Just some early morning thoughts from me to you…
“But [Elijah] himself went a day’s journey into the wilderness, and came and sat down under a broom tree. And he prayed that he might die, and said, “It is enough! Now, Lord, take my life, for I am no better than my fathers!”
Then as he lay and slept under a broom tree, suddenly an angel touched him, and said to him, “Arise and eat.” Then he looked, and there by his head was a cake baked on coals, and a jar of water. So he ate and drank, and lay down again…
[And then, refreshed, he went to a cave and the Lord came to him and asked why he was there, and Elijah answered that the king and his wife Jezebel were after him to kill him].
Then [the Lord] said, “Go out, and stand on the mountain before the Lord.”
And behold, the Lord passed by, and a great and strong wind tore into the mountains and broke the rocks in pieces before the Lord, but the Lord was not in the wind; and after the wind an earthquake, but the Lord was not in the earthquake;and after the earthquake a fire, but the Lord was not in the fire; and after the fire a still small voice.”
Fall continues to peek through in the temperatures, the changing leaves, and now in Christmas decorations being displayed in store after store. Veterans Day is upon us as we pause to remember those brave and sacrificial patriots upon whose shoulders we stand today—in freedom. And as it is so often in the aftermath of elections, uncertainty in our culture continues to reign as to the state and direction of the future of our nation and world.
We’ve been there before.
Elijah lived in such a time. A time of gathering storm clouds in one of Israel’s darkest hours of separation from, and sin toward God. The worship of Baal (false gods) was a regular occurrence and was often accompanied by drunken orgies and degrading rituals. Into that pit of moral degradation, Elijah brought a passion and commitment pointing the people from their wicked ways and back to the God who had delivered them from so much already.
King Ahab, his wife Jezebel and the leaders of the day had had enough of Elijah, and so they set about to have him killed. When Elijah got wind of the plot, he took off in rapid escape and found himself under a broom tree in the wilderness. Depressed, not knowing which way to turn, he threw a full-blown pity party for himself, and attempted to cash in his chips with God.
“And he prayed that he might die, and said, ‘It is enough! Now, Lord, take my life, for I am no better than my fathers!’”
And God’s response?
He sent an Angel to care for Elijah, to comfort and encourage him. An Angel who brought him water and food, and to stay with him until he was renewed and restored. To direct him onto the right path.
And then, knowing that he was still being hunted, Elijah went to look for God. He needed help. He needed to know why. And he wondered why God seemed to not be around.
And God’s response—He came to Elijah in a still small voice. Or as other translations suggest, He came to Elijah in a gentle whisper, a soft whisper, the sound of a gentle blowing, a gentle and quiet whisper, or a low whisper. His response is always calm, providing peace.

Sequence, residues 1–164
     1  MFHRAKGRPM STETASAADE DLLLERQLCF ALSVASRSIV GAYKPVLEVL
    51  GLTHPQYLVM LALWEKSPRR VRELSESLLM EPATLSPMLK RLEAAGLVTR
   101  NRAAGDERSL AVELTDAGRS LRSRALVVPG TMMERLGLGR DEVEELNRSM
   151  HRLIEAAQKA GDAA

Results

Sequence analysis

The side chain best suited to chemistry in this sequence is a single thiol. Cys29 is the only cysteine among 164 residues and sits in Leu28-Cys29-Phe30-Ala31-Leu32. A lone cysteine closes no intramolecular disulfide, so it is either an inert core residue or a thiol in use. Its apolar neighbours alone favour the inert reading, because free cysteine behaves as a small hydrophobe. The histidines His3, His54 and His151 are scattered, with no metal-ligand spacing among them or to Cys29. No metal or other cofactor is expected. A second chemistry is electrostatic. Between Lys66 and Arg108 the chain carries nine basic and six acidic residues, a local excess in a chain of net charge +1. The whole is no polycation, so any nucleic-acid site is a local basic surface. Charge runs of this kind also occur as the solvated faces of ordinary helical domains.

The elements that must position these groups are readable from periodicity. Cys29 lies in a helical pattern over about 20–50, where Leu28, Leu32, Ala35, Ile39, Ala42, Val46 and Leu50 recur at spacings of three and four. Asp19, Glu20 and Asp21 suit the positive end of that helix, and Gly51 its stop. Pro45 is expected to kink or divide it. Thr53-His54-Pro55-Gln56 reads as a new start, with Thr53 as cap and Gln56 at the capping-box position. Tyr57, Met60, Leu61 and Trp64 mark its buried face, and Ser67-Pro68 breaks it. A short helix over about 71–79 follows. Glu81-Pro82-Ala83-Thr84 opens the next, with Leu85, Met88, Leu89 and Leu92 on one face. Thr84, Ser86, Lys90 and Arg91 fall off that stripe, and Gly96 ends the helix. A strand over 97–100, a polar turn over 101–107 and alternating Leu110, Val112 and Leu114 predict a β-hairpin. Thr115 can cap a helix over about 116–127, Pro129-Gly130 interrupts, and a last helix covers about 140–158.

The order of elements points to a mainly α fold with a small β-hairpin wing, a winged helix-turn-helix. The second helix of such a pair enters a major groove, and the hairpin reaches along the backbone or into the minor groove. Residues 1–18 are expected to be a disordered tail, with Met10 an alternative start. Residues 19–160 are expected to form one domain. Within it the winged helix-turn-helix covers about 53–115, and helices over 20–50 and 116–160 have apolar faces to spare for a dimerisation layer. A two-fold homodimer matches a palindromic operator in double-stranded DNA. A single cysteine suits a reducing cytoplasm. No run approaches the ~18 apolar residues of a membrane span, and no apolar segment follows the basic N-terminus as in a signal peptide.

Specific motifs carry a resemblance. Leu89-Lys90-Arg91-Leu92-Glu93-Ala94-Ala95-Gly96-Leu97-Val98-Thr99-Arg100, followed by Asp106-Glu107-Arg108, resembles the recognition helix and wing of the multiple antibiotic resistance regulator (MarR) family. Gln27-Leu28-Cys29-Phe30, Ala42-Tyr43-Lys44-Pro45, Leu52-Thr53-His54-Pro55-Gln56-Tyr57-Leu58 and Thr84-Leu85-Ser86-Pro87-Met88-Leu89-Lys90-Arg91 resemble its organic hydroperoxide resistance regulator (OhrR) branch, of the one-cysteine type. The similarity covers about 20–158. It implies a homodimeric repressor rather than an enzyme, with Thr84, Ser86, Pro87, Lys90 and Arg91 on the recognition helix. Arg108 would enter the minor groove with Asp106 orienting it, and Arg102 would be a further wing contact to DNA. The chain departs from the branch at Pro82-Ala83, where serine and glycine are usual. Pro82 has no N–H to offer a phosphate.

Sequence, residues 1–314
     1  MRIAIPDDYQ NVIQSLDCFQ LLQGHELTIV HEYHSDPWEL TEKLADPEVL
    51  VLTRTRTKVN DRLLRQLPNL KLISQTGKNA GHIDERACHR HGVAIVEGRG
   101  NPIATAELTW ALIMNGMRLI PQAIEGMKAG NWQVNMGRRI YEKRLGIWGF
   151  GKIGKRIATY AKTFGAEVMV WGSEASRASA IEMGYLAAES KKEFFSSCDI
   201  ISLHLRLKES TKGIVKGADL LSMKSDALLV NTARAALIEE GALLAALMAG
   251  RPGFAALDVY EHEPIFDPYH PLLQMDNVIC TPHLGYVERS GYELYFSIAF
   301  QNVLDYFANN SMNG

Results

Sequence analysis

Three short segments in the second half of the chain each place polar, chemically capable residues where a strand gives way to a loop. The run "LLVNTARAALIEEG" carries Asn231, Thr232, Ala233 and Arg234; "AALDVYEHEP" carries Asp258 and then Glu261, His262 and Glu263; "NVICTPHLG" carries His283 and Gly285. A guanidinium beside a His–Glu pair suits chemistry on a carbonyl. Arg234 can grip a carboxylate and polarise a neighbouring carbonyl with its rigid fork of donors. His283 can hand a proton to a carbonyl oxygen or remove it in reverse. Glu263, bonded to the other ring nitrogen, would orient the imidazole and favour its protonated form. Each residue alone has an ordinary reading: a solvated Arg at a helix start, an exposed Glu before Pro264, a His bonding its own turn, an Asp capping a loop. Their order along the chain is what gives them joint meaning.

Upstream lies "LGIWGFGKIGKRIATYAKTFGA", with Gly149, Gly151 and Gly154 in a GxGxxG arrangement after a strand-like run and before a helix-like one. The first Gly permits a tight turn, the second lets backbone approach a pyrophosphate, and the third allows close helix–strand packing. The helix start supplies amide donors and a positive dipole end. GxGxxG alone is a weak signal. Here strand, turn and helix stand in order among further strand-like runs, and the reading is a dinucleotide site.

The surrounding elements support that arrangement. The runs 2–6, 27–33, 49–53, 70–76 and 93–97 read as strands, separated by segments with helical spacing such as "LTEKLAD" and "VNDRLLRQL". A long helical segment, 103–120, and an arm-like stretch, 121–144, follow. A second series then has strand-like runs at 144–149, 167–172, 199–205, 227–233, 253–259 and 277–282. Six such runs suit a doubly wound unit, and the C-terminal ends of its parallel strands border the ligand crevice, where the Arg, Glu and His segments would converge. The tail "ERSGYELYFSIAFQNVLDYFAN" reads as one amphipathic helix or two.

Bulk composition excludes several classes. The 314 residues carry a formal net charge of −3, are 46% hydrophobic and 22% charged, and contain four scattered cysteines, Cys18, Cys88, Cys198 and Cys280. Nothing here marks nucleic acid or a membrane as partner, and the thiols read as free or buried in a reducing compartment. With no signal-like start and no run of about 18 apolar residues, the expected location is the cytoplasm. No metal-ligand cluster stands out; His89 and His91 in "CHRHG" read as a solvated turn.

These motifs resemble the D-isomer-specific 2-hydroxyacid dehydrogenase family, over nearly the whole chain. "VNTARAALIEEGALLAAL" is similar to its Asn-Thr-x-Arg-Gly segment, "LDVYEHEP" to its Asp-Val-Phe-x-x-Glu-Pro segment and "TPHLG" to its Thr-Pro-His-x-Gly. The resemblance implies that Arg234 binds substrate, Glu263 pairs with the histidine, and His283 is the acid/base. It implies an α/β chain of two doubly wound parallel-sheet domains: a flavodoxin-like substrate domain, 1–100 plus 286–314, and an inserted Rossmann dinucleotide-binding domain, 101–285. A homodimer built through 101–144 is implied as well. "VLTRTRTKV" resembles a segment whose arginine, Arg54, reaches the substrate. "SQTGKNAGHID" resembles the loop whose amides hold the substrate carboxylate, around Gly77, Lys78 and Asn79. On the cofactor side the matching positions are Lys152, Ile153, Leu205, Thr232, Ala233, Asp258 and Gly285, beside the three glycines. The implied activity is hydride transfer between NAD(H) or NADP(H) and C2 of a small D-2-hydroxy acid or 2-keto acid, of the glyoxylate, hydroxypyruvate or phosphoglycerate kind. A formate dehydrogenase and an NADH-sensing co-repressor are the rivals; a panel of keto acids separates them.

God didn’t show himself in the great and powerful wind that tore the mountains apart and shattered the rocks. He wasn’t in the earthquake which came after the wind. He wasn’t in the fire which followed. He wasn’t in any of that. But instead He was in a still small voice.
So where do we look for that still small voice of God when we feel like Elijah and need comfort and direction? I’ll bet we’ve all listened to the winds of dissension, objection and criticism, or looked within the earthquakes of broken relationships or tragedy which happens at times in all of our lives, or have been burned by the fires of doubt which often follow us like heat-seeking missiles? Those are the voices of the world.
God sees us and stands with us in those difficult moments; but His voice of calm guidance comes quietly to us in the voices of those we trust, in those who don’t care about our station in life, or how much money we have, or of how many homes we own. We’ve all listened to the voices of doubt and criticism which are ever ready to knock us off track from becoming all that God intends for us to be—but God doesn’t speak to us in a voice of doubt or criticism.
That’s not where we find that still small voice of God.
Instead, we’ll find His voice of assurance, direction and peace in the quiet of our thoughts with Him as we study His Word and offer prayers of concern and requests for guidance. We’ll find it in the encouraging voices of loved ones and trusted friends—never far away and always ready to pick us up when we’re down.
In the aftermath of elections or whatever we go through and will go through in life, and on days like today when we pause to remember our honored Veterans and those who paid the ultimate price for us and this great nation—the still small voice of God remains.
Listen for it—it’s there, always.
In His Name—Scott
Copyright 2012. Scott L. Whitaker. All rights reserved.